Devotees of "Turandot," Giacomo Puccini's last and grandest opera (1926), are a melancholy lot. Many have never encountered an aesthetically and emotionally convincing production — one that integrates the work's fairy-tale, commedia dell'arte, Wagnerian, verismo, exotic and modernist elements. Forlornly, they seek a staging in which the spectacle serves the drama, and in which the central characters don't seem rice-paper thin.
But now there's hope. Co-produced with companies in Cincinnati, Pittsburgh, Seattle and Utah, Minnesota Opera's sumptuous new "Turandot," which opened Saturday at the Ordway Center in St. Paul, is a meticulous and gratifying realization of one of opera's most problematic scores — and a fitting capstone for an extraordinary 50th season.
For this, credit goes mainly to the Montréal-based partnership of André Barbe (set and costume designer) and Renaud Doucet (stage director and choreographer), who, in their company debut, display a keen psychological sense and an almost fanatical precision of execution.
Their boldest stroke, in the climactic love duet that Puccini never got around to writing, is to reverse the roles of the Chinese princess Turandot (a subfreezing femme fatale who decapitates suitors defeated by her riddles) and Calaf (the besotted prince who, in the libretto, melts Turandot with a much-awaited kiss): Here, it is she who kisses him.
Literalists may squirm at this, but to me it seems a plausible revelation of Turandot's character. It also diverts attention from composer Franco Alfano's nondescript ending — a goal that could have been fully achieved by adopting Luciano Berio's provocative completion (2001), which, among its other virtues, avoids Alfano's Broadway-style reprise of "Nessun dorma," the opera's ubiquitous hit single. (Berio's version is on YouTube; judge for yourself.)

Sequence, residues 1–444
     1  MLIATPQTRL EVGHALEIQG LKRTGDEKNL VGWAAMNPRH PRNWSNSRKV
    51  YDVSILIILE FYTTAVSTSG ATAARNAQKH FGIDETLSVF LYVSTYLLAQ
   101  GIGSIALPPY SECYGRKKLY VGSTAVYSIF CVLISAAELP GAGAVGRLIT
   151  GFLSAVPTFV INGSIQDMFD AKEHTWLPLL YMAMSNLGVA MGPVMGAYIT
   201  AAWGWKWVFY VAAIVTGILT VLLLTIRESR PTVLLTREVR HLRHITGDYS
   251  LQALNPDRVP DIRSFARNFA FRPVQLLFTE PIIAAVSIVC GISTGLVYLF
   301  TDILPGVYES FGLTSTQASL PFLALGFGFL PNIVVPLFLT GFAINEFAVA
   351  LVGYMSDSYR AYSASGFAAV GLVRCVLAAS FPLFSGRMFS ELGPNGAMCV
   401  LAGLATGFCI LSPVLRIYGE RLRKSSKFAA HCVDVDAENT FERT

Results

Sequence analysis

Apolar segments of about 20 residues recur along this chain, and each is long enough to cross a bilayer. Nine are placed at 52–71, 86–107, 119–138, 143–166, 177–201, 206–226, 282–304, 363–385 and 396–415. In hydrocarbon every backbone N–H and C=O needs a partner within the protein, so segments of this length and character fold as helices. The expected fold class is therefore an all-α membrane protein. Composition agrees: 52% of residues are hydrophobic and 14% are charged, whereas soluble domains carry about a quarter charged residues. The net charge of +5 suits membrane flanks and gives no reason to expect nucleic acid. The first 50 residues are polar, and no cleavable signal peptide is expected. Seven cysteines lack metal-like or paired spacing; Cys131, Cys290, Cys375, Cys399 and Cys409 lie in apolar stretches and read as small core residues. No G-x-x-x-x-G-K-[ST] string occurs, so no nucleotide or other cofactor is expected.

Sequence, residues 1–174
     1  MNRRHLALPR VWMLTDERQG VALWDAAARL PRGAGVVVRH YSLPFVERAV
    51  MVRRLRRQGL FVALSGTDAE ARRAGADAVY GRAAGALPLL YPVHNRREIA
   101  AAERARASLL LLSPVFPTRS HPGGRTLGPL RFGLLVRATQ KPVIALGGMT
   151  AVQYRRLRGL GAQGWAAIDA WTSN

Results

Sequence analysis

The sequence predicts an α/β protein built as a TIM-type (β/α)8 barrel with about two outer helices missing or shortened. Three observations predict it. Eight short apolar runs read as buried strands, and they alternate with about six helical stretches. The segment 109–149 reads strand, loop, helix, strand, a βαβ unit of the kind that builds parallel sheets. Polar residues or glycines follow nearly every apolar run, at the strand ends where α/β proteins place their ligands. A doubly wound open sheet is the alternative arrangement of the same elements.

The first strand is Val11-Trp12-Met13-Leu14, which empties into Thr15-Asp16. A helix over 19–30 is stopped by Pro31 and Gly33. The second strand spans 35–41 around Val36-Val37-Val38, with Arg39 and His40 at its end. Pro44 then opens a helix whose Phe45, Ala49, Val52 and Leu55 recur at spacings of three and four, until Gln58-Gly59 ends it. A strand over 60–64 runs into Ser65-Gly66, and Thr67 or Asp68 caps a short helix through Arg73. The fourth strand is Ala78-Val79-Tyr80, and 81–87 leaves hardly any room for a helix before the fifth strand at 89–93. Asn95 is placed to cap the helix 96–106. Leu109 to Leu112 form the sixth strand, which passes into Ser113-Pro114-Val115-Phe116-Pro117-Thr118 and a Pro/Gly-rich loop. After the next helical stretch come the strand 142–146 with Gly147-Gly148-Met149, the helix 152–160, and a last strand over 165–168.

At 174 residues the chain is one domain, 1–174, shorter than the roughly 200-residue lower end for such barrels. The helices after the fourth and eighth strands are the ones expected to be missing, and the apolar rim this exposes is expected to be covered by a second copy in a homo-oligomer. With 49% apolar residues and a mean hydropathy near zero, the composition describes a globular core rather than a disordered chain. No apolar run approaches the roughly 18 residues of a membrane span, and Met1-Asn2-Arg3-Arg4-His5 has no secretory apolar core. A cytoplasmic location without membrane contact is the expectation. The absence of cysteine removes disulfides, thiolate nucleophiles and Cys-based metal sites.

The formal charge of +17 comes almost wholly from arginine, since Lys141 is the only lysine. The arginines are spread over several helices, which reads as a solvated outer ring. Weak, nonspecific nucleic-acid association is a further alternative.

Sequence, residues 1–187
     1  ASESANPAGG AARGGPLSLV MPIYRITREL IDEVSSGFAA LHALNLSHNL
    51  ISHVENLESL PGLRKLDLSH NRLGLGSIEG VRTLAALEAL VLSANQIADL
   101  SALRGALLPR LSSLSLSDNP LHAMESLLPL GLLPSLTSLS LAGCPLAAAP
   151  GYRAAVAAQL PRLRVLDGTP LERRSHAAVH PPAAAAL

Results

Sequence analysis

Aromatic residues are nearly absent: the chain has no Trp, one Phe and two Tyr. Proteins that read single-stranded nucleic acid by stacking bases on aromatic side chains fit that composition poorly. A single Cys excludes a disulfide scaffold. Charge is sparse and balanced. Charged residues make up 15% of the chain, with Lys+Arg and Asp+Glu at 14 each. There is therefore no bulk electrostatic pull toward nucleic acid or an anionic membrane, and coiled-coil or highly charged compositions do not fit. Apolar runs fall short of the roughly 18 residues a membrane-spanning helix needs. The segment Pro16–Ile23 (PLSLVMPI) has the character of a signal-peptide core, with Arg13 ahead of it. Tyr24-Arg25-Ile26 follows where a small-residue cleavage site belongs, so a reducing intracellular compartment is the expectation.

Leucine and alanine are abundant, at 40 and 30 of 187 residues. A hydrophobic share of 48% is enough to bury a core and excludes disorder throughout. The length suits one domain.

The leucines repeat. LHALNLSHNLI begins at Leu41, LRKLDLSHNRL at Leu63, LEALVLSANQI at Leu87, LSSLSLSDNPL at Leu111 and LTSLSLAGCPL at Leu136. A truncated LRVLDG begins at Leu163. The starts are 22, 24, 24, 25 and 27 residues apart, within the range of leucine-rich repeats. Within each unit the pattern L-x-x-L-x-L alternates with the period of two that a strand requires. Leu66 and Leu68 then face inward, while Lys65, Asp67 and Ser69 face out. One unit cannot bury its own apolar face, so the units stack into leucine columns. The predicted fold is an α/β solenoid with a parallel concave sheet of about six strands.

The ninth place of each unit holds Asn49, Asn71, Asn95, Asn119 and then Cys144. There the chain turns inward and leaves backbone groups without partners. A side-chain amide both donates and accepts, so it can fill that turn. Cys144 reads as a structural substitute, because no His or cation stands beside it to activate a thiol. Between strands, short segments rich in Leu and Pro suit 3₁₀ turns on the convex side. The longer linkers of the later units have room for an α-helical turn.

The opening-night cast was imposing, with particularly strong singing in secondary roles. As Turandot, Russian-born soprano Irina Rindzuner rose easily above the tumult; her voice was appropriately hard-edged in the second act, rounder in the third. Yin to her yang was Kelly Kaduce's Liù, compellingly acted and deeply poignant. Adam Laurence Herskowitz's robust tenor and sheer physical presence made him a respectable Calaf. But his gestures were disappointingly conventional, and in "Nessun dorma" he overplayed his hand: The piece is a nocturne, not a victory lap.
The nostalgic bureaucrats Ping, Pang and Pong (Matthew Opitz, John Robert Lindsey and Brad Benoit, respectively) have never been livelier; their vaudeville-like antics, minutely plotted by Doucet, were brilliant. Richard Ollarsaba's understated portrayal of the exiled Timur was tremendously affecting. And 75-year-old Vern Sutton, who first sang with Minnesota Opera (then Center Opera) half a century ago, was a beneficent Emperor. To echo Puccini's chorus: May he sing 10,000 years!
Conductor Michael Christie drew nuanced and colorful playing from the cramped orchestra; the all-but-omnipresent chorus made a grand noise, but was less unanimous than we've come to expect.
Larry Fuchsberg writes about music.